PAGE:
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Positioning Aryl Hydrocarbon Receptor Agonists in PP Treatment Regimens


Tj Chao, MPAS, and Lauren Miller, MPAS, discuss possible treatment algorithms when using tapinarof for plaque psoriasis (PP) patients.


Lauren Miller, MPAS, PA-C: When we talked about treatment, you said you don’t do algorithms. But when we’re talking about a treatment plan, where would you place an aryl hydrocarbon receptor agonist, like tapinarof? Is there a patient you wouldn’t use it in? Is there an ideal patient you would use it in?

TJ Chao, MPAS, PA-C: Frankly, any patient who has mild, moderate, or severe psoriasis anywhere on their body is a potential patient. I’m offering it up front, with or without topical steroids, depending on what the patients want. There’s another phenomenon that I’ve seen over the last 5 years in my practice. We’re outside a big city, and we have a lot of suburbanites. There’s a real growing call to not use topical steroids among that population. If you go on TikTok, there’s talk about how dangerous they are and how negative they are. Topical steroids have developed a negative connotation, and patients don’t want to use them, along with a lot of our other medicines, like Accutane (isotretinoin). Topical steroid over the last 5 years has become a bad word. [We’re] able to offer them something else. To be realistic, tapinarof isn’t going to work in 2 days, like a topical steroid might, so I’d have them use the topical steroid first for a few days and then switch. I have a variety of ways of treating the disease that are different compared with what I had before.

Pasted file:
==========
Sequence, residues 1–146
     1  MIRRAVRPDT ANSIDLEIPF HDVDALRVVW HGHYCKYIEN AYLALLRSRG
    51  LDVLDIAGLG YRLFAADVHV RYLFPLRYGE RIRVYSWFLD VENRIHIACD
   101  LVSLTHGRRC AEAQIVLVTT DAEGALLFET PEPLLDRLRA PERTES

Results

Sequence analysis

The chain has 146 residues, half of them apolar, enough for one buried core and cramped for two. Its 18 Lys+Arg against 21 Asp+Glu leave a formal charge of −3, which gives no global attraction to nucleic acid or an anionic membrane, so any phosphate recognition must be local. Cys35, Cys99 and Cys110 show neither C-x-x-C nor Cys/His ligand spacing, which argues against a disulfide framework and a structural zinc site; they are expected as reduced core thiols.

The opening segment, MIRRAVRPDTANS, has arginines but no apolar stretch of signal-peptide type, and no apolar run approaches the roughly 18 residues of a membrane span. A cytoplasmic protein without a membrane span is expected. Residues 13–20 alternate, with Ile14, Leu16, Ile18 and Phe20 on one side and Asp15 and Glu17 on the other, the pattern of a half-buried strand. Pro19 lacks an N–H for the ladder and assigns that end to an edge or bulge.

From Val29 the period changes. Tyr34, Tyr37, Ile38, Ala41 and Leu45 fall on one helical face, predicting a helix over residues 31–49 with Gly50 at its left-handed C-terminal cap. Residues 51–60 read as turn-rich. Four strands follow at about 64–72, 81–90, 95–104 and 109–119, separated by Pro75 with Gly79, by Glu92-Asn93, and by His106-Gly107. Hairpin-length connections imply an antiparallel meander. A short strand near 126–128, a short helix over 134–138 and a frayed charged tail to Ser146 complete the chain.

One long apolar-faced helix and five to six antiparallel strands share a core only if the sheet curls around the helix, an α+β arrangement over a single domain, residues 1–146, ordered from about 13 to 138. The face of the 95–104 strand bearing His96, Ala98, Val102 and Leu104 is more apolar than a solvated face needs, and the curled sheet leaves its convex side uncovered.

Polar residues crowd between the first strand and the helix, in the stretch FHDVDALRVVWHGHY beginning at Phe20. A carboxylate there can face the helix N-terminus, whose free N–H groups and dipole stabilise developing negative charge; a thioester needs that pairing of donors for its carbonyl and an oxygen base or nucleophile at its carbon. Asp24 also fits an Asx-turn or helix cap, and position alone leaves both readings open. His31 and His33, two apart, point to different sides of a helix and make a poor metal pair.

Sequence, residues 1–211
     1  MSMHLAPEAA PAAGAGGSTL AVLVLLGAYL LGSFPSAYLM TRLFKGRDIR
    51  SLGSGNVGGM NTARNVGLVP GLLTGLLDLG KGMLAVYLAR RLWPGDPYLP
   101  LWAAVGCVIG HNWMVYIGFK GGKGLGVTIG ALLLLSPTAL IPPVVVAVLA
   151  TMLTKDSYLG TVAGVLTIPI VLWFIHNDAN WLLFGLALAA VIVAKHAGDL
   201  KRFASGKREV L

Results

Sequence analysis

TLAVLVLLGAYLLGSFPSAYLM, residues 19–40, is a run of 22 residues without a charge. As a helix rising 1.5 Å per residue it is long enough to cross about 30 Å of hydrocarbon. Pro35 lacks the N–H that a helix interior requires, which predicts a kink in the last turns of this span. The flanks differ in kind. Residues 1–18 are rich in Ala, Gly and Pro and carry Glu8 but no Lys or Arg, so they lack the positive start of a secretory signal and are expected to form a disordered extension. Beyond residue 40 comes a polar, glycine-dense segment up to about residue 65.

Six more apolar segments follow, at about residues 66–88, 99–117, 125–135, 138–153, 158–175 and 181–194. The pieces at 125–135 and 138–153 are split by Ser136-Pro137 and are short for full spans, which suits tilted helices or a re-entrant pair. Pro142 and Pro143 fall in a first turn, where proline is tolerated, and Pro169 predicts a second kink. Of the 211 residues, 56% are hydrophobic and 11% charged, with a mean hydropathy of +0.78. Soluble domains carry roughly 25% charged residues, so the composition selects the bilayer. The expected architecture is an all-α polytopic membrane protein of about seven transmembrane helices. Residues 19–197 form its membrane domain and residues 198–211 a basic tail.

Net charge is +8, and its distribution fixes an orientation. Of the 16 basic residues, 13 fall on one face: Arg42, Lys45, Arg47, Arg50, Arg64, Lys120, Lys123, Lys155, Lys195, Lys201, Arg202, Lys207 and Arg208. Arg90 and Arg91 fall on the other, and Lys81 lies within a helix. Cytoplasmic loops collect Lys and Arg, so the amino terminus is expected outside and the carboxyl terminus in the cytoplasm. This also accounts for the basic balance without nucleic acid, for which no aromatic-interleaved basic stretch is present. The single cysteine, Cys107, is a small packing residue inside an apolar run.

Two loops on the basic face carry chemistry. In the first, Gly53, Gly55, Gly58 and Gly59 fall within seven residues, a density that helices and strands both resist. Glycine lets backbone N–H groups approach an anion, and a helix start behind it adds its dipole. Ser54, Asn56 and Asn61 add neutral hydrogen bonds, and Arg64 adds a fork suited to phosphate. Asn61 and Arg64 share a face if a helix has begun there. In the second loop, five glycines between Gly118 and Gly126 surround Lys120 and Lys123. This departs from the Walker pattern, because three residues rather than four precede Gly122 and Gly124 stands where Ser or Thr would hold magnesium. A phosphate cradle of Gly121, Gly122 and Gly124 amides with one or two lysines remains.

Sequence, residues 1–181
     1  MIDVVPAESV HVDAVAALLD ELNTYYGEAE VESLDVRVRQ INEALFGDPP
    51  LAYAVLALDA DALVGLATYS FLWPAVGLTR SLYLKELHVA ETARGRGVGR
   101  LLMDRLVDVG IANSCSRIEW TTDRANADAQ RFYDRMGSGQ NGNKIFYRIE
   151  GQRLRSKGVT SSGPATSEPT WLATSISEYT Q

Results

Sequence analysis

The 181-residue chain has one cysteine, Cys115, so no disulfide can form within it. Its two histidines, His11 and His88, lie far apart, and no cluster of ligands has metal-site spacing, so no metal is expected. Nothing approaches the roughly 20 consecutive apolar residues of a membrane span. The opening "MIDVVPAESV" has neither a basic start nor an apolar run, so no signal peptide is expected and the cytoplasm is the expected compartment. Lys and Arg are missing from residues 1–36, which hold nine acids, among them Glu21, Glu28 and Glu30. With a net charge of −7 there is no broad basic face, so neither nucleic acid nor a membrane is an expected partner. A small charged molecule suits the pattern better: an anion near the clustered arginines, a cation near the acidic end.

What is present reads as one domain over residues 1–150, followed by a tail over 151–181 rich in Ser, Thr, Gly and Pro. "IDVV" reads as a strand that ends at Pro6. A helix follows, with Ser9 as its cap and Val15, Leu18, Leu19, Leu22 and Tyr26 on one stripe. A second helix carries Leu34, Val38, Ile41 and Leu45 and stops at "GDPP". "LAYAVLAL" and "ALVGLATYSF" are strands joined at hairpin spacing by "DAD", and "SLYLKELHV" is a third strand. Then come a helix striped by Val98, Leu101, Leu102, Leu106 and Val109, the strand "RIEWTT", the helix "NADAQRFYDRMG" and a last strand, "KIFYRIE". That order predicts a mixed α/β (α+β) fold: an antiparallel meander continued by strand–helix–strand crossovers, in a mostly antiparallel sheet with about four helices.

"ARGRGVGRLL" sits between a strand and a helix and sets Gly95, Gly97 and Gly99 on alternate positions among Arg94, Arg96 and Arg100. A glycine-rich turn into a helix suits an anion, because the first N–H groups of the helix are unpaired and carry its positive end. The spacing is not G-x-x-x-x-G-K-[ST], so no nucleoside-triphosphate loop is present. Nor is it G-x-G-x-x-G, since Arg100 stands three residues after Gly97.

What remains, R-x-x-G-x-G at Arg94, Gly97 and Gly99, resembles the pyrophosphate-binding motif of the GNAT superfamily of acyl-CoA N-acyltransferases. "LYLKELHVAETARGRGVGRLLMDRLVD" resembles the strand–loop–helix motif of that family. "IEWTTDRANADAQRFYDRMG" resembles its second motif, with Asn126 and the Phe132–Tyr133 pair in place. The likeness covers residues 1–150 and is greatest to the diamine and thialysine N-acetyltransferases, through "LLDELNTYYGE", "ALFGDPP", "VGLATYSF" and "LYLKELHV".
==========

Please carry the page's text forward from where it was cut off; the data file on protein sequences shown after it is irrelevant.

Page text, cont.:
Lauren Miller, MPAS, PA-C: [My practice is] definitely more rural. For a lot of my patients, it takes awhile for patients to get to a dermatologist. We don’t have a lot of dermatology providers in my area, so when they come to me, they’ve already had topical steroids. Topical steroids work quickly. They know they can use this for a few days, and it’s going to knock it down. I’m the exact opposite. I have patients who come in and want their jar of triamcinolone. I have to talk them out of the steroid and talk to them more about why we don’t want to do this long term. There’s definitely a place for topical steroids and other [medications], but I have to talk them out of using that for maintenance. That’s a difference geographically.

One place that I’m using Vtama (tapinarof) as well is for my biologic patients. I have some biologic patients who have psoriatic arthritis. Their arthritis is doing wonderful. It’s the first time they have felt good systemically. They’re able to do all the activities that they want to do, but their skin hasn’t responded quite as well as we want to. Those patients don’t want to swap their biologic. They’ve tried other topicals, so I’m adding tapinarof with those patients. It seems as if there’s a variety of ways that you could put tapinarof or aryl hydrocarbon receptor agonists into your therapeutic regimen.

TJ Chao, MPAS, PA-C: I agree.

Transcript edited for clarity.

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